In accordance with the method according to the invention, the disinfectant pad is located at a rest position proximate the portion to be disinfected. The pad is biased such that when the pad is displaced from the rest position, the pad returns to the rest position and contacts and disinfects the portion to be disinfected automatically. Disinfection can be when the pad is displaced, when the pad returns to the rest position, or both.

BRIEF DESCRIPTION OF THE DRAWING

The invention is described in greater detail in the following description of examples embodying the best mode of the invention, taken in conjunction with the drawing figures, in which:

FIG. 1 is a side elevational illustration of one form of the invention, with the slide displaced, permitting access to the medical implement upon which the device is mounted,

FIG. 2 is a side elevational illustration similar to FIG. 1, but with the slide in a rest position,

FIG. 3 is a top plan of the device of FIG. 1, showing the slide partially displaced, exposing the medical implement,

FIG. 4 is a side elevational illustration of a second embodiment of the invention having a pivotal cowl,

FIG. 5 is a side elevational illustration similar to FIG. 4, but with the cowl displaced,

FIG. 6 is an end elevational illustration of the second embodiment of FIG. 4,

FIG. 7 is a side elevational illustration of another embodiment of the invention, with the slide in the rest position,

FIG. 8 is a side elevational illustration similar to FIG. 7, but with the slide displaced,

FIG. 9 is a top plan view of the device of FIG. 7,

FIG. 10 is a top plan view of the device shown in FIG. 8,

FIG. 11 is a side elevational illustration of another embodiment of the invention, with the disinfectant pad in a rest position,

FIG. 12 is a side elevational illustration of the embodiment of FIG. 11, with the disinfectant pad displaced,

FIG. 13 is a top plan view of the disinfectant pad of FIGS. 11 and 12,

FIG. 14 is a top plan view of the device as shown in FIG. 12,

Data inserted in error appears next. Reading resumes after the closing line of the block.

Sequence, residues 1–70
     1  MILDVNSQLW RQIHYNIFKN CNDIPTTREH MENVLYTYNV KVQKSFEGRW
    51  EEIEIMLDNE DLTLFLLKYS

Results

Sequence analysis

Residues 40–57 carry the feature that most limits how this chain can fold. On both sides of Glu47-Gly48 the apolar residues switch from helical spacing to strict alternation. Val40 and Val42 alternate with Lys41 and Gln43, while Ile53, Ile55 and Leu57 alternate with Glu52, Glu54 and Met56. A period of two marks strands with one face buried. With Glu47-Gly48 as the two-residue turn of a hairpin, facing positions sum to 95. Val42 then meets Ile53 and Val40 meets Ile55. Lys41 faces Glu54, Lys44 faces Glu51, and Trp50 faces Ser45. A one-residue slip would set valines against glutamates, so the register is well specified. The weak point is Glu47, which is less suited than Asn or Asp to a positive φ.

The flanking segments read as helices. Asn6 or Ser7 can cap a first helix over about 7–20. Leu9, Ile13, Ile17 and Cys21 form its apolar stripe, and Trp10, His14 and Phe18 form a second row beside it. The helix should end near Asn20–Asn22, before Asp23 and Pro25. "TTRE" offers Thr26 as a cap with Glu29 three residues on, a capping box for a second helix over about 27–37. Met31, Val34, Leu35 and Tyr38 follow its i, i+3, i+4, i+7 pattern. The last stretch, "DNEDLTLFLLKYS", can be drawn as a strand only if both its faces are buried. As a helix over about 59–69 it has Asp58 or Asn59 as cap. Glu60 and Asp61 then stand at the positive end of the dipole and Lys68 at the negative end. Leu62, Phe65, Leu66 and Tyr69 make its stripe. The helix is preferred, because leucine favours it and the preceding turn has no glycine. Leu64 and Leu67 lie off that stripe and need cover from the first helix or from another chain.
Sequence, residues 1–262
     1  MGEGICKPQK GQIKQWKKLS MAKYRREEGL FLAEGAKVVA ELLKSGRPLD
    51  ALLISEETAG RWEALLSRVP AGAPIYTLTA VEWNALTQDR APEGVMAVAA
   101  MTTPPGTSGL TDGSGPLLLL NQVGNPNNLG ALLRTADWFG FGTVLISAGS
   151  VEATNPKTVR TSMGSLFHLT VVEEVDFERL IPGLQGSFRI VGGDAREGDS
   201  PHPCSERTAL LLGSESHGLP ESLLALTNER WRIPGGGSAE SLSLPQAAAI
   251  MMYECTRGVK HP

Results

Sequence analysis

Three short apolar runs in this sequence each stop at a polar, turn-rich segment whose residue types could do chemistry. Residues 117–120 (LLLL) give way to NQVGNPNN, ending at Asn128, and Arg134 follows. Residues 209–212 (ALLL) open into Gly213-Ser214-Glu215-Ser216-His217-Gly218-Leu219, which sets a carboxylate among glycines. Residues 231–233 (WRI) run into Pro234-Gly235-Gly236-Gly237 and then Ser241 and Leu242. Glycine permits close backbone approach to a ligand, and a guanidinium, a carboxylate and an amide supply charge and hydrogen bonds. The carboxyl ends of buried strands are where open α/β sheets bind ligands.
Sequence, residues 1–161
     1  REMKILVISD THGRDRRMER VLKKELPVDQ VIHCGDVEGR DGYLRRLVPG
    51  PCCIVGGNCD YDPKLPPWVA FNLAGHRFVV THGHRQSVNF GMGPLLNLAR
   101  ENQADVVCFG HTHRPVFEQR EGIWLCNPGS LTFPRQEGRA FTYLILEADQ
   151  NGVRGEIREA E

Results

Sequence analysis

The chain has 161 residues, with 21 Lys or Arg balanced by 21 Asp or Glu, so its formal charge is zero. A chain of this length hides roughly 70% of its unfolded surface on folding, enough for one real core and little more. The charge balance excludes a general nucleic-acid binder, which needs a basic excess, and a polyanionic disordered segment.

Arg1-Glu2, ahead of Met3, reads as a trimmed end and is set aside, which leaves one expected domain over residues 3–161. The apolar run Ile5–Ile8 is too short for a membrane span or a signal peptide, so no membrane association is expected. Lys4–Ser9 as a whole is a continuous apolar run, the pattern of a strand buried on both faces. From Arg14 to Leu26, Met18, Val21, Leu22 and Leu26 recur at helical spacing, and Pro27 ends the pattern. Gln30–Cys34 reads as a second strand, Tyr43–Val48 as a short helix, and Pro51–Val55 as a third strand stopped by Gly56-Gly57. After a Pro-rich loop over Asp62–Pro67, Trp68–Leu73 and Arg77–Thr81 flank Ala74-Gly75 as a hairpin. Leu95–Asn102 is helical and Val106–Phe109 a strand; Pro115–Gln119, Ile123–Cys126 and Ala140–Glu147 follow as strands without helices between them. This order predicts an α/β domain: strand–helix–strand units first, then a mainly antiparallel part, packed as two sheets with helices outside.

FIG. 15 is a top plan view of a further embodiment of the invention, with the disinfectant pad in a rest position,

FIG. 16 is a view similar to that of FIG. 15, but with the disinfectant pad displaced, and

FIG. 17 is a side elevational illustration of the embodiment of FIG. 15.

DESCRIPTION OF EXAMPLES EMBODYING THE BEST MODE OF THE INVENTION

A first form of the device according to the invention is shown generally at 10 in FIG. 1. The device 10 includes two primary components, a body 12 and a slide 14.

The body 12 is shaped to engage a medical implement 16, the medical implement 16 preferably comprising a needleless hub or injection port. The body 12 include an aperture 18, as best shown in FIG. 3, through which the medical implement 16 extends. Typically the medical implement 16 is topped with a head 20, through which access is provided, either for withdrawing fluid or injection therewithin to a vascular catheter (not illustrated) connected to the medical implement 16 in a conventional manner. The medical implement 16 and its use are well known in the art, and are not described in greater detail.

The slide 14 is mounted on the body 12 for translation to and fro, as depicted by the arrow 22 in FIGS. 1 through 3. The slide 14 comprises a mounting for a disinfectant pad 24 mounted therewithin. The slide 14 also is a cover for the disinfectant pad to help prevent disinfectant solution impregnating the pad 24 from being lost, such as through evaporation.

The slide 14 is appropriately mounted on the body 12 so that the slide can be displaced from a rest position shown in FIG. 2 to a position exposing the head 20, as shown in FIGS. 1 and 3. To this end, the slide 14 can be mounted in a track or groove 26 formed in opposite sides of the body 12. Not only does the track or groove 26 then locate the slide 14 on the body 12, but also the track or groove 26 defines extremes of translation of the slide 14 along the body 12.

The slide 14 is biased to the rest position shown in FIG. 2 by means of opposite extension springs 28. While a single spring 28 on one side of the body 12 may be adequate for proper balancing of the force supplied to the slide 14, it is preferred that one spring 28 be located on each side of the body 12. When the slide 14 is displaced as shown in FIGS. 1 and 3, the tensioning of the springs 28 increases, urging the slide 14 to the rest position shown in FIG. 2 with the disinfectant pad 24 located over the head 20. A center mounted spring may also be used to return the slide to the rest position in FIG. 2, in place of the side springs 28.